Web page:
“Gimmieaventidecafwithlegsandleaveroom,” a sturdy tourist blurted from across the counter.
The Korean Starbucks barista froze behind her register.
“Give me a venti decaf with legs, and leave room,” the man repeated, this time slower but annoyed.
The barista nodded her head, punched something into the register, and pointed to the card reader. I’m sure the customer got some variant of coffee, but I promise he didn’t get what he meant to order.
I think most tourists would agree that speaking in jargon-filled English at the speed of an auctioneer in any country whose official language isn’t English is rude and, perhaps, a bit ethnocentric. If a visitor did that in the US, people would be annoyed.
But, even if you consider yourself a well-mannered globetrotter, there’s likely a few other South Korean faux paus you could break unwittingly if you aren’t privy to them. If you want to have a fantastic time in Korea and leave a fantastic impression, check out these six things tourists do in South Korea that drive locals crazy before boarding your flight.
1. Wear inappropriate clothing.
If you’re a man traveling to South Korea for sightseeing and soju, feel free to rock Crocs and a fanny pack. But if you’re a man traveling for business or to work in South Korea, it’s better to overdress than to underdress. Jeans and Converses might work in Silicon Valley, but not in South Korea.
The same workplace rules apply to women, who should wear pencil skirts or pants, a blouse, and close-toed shoes.
But for women, there’s more. Ladies, the good news: you can break out your high school mini-skirts and short-shorts; bare all of the leg you want. The not-so-good news: you should leave any cleavage-baring tops, spaghetti straps, and back-bearing shirts at home.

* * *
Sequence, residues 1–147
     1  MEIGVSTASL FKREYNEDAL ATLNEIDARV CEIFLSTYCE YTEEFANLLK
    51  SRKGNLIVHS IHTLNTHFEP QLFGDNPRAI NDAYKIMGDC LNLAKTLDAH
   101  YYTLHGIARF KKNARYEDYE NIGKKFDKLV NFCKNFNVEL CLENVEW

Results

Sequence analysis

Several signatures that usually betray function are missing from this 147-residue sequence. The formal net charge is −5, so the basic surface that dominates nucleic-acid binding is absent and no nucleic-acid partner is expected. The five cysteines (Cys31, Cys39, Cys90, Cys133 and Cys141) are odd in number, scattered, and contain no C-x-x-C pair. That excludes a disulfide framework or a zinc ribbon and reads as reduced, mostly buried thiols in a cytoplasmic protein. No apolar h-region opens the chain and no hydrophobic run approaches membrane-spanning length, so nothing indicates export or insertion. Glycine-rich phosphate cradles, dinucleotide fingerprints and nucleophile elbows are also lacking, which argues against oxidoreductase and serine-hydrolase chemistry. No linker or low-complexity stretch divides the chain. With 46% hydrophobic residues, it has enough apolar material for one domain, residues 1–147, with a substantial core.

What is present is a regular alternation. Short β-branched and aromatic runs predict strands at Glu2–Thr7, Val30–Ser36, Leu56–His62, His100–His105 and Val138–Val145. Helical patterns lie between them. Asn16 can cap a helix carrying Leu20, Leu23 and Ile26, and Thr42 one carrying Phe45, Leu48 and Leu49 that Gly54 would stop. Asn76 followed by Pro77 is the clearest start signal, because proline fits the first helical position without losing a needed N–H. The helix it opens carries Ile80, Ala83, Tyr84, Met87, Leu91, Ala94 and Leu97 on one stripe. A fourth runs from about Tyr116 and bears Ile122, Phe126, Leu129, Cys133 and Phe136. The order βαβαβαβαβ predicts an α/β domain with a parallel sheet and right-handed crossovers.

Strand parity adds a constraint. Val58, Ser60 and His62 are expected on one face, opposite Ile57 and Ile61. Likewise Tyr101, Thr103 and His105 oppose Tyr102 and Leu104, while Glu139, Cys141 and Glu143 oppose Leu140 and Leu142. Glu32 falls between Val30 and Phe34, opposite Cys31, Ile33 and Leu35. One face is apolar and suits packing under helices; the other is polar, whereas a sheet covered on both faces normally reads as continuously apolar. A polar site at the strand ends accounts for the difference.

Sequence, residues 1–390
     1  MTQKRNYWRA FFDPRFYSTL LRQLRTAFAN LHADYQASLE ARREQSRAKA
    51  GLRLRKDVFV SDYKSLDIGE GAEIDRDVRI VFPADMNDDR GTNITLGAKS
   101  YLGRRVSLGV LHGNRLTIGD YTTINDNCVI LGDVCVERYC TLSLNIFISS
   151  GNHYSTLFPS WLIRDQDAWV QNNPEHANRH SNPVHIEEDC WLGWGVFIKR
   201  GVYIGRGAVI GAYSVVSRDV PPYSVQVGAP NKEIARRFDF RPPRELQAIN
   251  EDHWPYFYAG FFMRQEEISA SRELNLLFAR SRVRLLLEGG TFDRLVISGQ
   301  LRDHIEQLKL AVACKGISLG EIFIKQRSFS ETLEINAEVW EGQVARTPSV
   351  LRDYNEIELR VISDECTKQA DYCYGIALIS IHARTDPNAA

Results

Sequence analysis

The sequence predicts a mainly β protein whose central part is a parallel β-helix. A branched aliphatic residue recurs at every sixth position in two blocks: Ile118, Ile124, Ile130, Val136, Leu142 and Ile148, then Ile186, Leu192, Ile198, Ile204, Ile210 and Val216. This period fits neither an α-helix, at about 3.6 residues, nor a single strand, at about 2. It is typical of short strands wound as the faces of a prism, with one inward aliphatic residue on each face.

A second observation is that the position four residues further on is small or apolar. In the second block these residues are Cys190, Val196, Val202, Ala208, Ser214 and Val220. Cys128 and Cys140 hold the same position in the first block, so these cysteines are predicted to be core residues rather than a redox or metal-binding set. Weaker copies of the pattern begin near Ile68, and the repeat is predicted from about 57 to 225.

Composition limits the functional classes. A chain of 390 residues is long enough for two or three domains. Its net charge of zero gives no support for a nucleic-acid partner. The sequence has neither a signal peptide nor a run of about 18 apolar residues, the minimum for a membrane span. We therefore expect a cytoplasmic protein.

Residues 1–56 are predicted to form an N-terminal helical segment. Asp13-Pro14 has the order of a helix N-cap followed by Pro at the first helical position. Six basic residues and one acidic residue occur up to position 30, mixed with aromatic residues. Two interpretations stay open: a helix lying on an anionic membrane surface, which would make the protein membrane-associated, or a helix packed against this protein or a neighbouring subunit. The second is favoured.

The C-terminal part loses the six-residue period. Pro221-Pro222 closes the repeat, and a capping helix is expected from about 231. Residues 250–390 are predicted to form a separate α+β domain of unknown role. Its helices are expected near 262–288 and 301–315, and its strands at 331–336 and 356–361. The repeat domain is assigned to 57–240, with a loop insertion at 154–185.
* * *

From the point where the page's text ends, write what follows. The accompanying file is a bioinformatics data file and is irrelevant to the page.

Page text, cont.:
While these sorts of tops are more common in some areas in Seoul home to a younger crowd, such as Hongdae, these pieces of clothing will get you extra negative attention elsewhere. Some men might ogle, and older Korean ladies might scold you (Yes, in public!). But this doesn’t mean you have to buy a whole new wardrobe; pairing a cardigan with these types of tops works wonders.
2. Talk loudly on the subway.
After being in Korea for only a year and a half, I can tell if a foreigner on the subway is new to South Korea or not just by their speaking volume. Talking on the subway isn’t taboo. But, Koreans on public transportation speak at a low hum to avoid disrupting others.
Some foreigners who visit Korea have a naturally louder speaking voice, or perhaps aren’t used to taking public transportation, so they often speak louder without realizing it. Keep this Korean pet-peeve in mind to avoid a bus full of glares.
3. Greet friends with hugs.
Where I come from in Florida, friends hug their friends. I learned the awkward way that this isn’t a Korean tradition. The one time I forgot this quirk, I went in to bear-hug my Korean co-teacher I hadn’t seen in months, and she politely dove to the left and patted my shoulder.
Instead, you can do a slight bow. (Please do not do a full half-angle bow for your friends, or they’ll think you’re very strange.) Waving hello and goodbye is also OK with millennials and younger people.
4. Throw toilet paper in the toilet.
Rule number four: Don’t throw toilet tissue in the toilet. Usually.
Korean plumbing systems aren’t so good at dealing with toilet tissue, so most bathrooms require the wastebasket-method. When you’re done with your business, just throw the tissue into the basket. (Yes, even “number two” tissue.) If you just recoiled in disgust, I feel you. But, do you really want to be that one “waygookin” (foreigner) who clogs the toilet and overflows the restroom?
5. Wear shoes indoors.
Remember the co-teacher I mentioned above in the awkward hugging situation? When I first came to Korea, I invited this same co-teacher into my house. She began untying her shoes, so I stopped her and said, “It’s OK! You don’t need to take your shoes off.”
She looked horrified. She said nothing, and she took her shoes off, anyway.
You should follow suit. The same goes for restaurants and even schools. If everyone else is sock-footed or in slippers, you should do the same. If everyone is wearing shoes, it’s OK to keep them on. Honestly, I’m not sure if the tradition stemmed from a germaphobe or if there’s a deeper reason behind it, but in Korea, it’s just what you do.
6. Be insensitive about Japan.
Korea has a long, complicated history with Japan that many tourists, long-term foreign residents, and even presidents don’t fully grasp. It’s best to do some research on Korean-Japanese relations before you pack your bags.
But, if you’re reading this with airline-pretzel crumbs already spilling from your mouth, just play by this rule: approach topics about Japan delicately. Do not refer to the “East Sea” as the “Sea of Japan,” respect the comfort women statues, and for the love of god don’t mention Dokdo.